Can I trust you again? – How to trust again in relationship
To trust or not to trust…
Once someone has broken your trust or betrayed you in some way, you will ask yourself over and over whether or not you can trust again.
Remember when I told you that 100% of all relationships experience huge breaches of trust?
There’s no getting around it. At some point in your life you will be disappointed, discover a flat out lie, or be let down in some way. And you’ll ask yourself whether you should keep trusting anyone.
Because we’re humans, not robots.
We make mistakes.
And we hurt each other.
Yes, this includes you and me.
In most case without meaning to.
We let our egos take over and that’s why we can sometimes unthinkingly be selfish.
We hurt someone. We learn from it. We ask for forgiveness. We apologise. We change. We become wiser (luckily).
Welcome to the human race!
The degree to which trust is broken determines how long the healing process will be. Yes, you HAVE to start healing.
The worst mistake you can make is to say “I forgive you and we don’t need to talk about it anymore!”
Because you will talk more about it!
You can’t dismiss the fact that you’re hurt and feel betrayed.
You’ll need to talk about it because you’ll constantly be wondering:
“Can I trust you again?”
The answer to “Can I trust you again?”
And this is a question that holds the answer. Because if you felt you could trust your partner again, then you wouldn’t be asking yourself the question in the first place.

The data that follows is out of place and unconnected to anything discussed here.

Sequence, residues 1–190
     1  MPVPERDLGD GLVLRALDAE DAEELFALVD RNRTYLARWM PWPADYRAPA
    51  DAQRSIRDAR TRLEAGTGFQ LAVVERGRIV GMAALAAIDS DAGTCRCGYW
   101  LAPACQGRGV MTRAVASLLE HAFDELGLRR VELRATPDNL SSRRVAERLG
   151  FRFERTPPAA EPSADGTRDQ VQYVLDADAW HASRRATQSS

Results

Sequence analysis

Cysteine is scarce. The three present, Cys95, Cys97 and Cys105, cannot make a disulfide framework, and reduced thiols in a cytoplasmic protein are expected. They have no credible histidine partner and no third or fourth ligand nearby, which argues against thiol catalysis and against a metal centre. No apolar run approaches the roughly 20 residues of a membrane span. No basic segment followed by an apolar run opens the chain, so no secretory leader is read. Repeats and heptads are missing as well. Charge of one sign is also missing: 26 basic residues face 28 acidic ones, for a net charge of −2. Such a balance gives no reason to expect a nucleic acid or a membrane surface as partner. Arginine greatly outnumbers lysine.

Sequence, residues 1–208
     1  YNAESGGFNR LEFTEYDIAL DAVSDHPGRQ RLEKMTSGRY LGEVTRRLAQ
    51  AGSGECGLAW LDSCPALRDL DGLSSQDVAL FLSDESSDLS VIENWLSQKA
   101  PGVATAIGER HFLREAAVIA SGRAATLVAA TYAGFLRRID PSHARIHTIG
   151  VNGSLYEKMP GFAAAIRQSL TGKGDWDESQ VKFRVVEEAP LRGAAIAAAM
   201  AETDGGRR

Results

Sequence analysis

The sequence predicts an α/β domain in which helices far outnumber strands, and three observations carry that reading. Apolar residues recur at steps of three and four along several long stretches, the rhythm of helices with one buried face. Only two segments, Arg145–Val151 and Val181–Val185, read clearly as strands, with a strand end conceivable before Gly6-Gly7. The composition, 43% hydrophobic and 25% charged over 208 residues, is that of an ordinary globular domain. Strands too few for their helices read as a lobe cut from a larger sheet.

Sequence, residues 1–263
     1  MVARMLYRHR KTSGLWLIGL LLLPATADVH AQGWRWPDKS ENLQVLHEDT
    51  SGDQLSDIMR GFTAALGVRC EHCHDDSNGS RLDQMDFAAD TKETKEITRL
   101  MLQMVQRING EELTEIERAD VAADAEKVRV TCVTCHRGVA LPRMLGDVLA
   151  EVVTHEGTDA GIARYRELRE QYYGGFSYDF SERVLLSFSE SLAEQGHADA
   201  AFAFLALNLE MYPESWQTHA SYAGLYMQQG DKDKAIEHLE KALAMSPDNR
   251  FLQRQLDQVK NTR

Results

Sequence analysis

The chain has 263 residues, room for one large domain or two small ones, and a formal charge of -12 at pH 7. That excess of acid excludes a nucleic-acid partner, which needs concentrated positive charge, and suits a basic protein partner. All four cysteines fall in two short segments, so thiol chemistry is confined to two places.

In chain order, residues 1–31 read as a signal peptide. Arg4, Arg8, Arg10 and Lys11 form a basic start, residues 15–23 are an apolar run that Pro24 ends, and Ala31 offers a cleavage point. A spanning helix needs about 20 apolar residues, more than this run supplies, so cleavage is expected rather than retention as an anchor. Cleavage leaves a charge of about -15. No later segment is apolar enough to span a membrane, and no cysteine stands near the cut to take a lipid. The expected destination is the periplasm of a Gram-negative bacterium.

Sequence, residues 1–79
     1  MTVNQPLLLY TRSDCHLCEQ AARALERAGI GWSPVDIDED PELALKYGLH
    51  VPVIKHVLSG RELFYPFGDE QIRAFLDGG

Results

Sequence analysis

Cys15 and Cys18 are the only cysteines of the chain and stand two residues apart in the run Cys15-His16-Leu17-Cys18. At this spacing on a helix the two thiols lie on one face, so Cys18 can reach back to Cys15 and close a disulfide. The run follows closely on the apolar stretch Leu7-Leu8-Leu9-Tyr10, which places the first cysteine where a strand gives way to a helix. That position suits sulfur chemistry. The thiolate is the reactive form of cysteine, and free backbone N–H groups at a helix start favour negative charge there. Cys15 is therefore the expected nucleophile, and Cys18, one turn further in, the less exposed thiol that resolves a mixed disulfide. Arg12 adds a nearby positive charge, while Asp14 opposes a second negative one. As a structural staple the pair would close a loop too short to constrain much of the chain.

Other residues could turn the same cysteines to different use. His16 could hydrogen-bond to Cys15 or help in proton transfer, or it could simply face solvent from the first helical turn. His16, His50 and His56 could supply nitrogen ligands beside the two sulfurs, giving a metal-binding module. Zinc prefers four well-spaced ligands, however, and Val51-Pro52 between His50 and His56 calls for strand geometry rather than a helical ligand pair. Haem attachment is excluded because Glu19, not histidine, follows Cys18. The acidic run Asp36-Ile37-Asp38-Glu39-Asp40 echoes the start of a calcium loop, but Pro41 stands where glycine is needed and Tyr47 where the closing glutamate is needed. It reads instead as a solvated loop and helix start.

If the answer is always “No, I cannot trust you again, not ever again”, then we think we might as well leave!
We would much more likely want to answer (and save the love, gain hope and courage): “Yes, I can trust you again!”.
But we can’t.
At least not right away.
Not while our hurt feelings are still raw.
We need time to work through it.
When we’re in the middle of it – desperate, frustrated, tearful – we can’t deal with all our questions and feelings.
We forget that R-I-G-H-T now, we are in no frame of mind to really objectively decide if we can trust again.
We drive ourselves mad as we keep asking ourselves over and over whether we can trust again.
The only way to really know is to stop thinking about it incessantly. The only way the answer can come to you is by staying in the relationship.
Of course not if it’s the 7th time your partner has failed you!
(Or if the person couldn’t care less about you, your feelings or your well-being – then you should leave. Now!)
But if it’s the first time and you’re not sure whether to stay or go, then I’d recommend you stay and give it some time!
Because either you build trust in a relationship or not. So if you have any doubt, then give it some time. See what direction it takes, evaluate, talk with your partner, and pay attention to what you feel deep inside.
You cannot think yourself to a yes or a no, it’s something you feel, and you can gain experience over time showing you whether or not you can trust your loved one.
But it requires ONE thing from you!
The ONE thing YOU need to do, to get trust back into the relationship!
That you stay in the relationship.
Because if you leave the relationship then you’ll never know whether you could learn to trust your partner again.
So the more suitable answer might be:
“No, I don’t trust my partner right now, which is completely understandable given the current shitty situation. But I’ve decided to give it a chance and see if I can learn to trust again in time. If I 6 months, I still have not been able to bring myself to trust my partner, then I’ll think about what I need to do.”
Of coures, your partner ALSO needs to work on things.
7 points to consider to rebuild trust in your relationship
Here are 7 points for you both to consider if you want to rebuild the trust.